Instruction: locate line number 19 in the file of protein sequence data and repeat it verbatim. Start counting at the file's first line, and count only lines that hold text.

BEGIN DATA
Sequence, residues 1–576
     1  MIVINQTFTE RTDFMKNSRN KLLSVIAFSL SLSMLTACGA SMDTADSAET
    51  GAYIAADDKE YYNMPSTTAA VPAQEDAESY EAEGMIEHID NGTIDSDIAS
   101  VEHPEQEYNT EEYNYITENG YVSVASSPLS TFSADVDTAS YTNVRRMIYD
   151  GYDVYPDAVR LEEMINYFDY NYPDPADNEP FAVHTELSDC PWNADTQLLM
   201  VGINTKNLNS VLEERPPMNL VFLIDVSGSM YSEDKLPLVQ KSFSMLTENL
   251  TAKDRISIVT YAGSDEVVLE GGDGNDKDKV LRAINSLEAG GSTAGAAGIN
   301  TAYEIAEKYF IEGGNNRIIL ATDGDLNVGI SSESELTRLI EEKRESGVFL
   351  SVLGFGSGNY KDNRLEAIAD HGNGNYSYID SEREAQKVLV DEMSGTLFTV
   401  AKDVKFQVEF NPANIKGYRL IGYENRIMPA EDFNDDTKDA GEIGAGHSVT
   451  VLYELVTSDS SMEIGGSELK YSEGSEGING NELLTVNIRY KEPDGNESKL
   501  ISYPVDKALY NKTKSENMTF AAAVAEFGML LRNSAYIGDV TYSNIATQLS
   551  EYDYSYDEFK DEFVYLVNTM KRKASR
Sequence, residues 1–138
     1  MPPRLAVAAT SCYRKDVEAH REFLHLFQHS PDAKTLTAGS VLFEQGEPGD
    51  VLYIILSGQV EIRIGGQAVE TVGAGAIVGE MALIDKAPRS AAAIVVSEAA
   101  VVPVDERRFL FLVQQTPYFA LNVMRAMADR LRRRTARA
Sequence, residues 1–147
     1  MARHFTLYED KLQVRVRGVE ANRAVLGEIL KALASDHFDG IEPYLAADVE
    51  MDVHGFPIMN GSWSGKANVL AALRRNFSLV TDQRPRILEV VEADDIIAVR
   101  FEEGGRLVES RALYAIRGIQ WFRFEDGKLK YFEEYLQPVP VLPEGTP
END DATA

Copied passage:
     1  MARHFTLYED KLQVRVRGVE ANRAVLGEIL KALASDHFDG IEPYLAADVE